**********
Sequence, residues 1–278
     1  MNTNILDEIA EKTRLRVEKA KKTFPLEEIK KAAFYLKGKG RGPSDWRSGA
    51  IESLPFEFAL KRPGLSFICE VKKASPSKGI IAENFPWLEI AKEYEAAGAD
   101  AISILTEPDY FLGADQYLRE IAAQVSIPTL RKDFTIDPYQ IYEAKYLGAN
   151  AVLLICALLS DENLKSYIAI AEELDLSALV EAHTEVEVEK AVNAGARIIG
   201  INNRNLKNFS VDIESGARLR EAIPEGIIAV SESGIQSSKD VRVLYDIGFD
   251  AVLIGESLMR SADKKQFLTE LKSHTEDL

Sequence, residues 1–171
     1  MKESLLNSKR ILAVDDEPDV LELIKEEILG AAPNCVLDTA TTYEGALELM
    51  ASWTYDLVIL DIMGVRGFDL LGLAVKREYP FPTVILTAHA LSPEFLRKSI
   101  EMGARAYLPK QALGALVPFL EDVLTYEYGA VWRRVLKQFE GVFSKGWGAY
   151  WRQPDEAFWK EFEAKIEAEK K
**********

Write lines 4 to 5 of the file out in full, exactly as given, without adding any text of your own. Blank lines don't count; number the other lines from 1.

   101  AISILTEPDY FLGADQYLRE IAAQVSIPTL RKDFTIDPYQ IYEAKYLGAN
   151  AVLLICALLS DENLKSYIAI AEELDLSALV EAHTEVEVEK AVNAGARIIG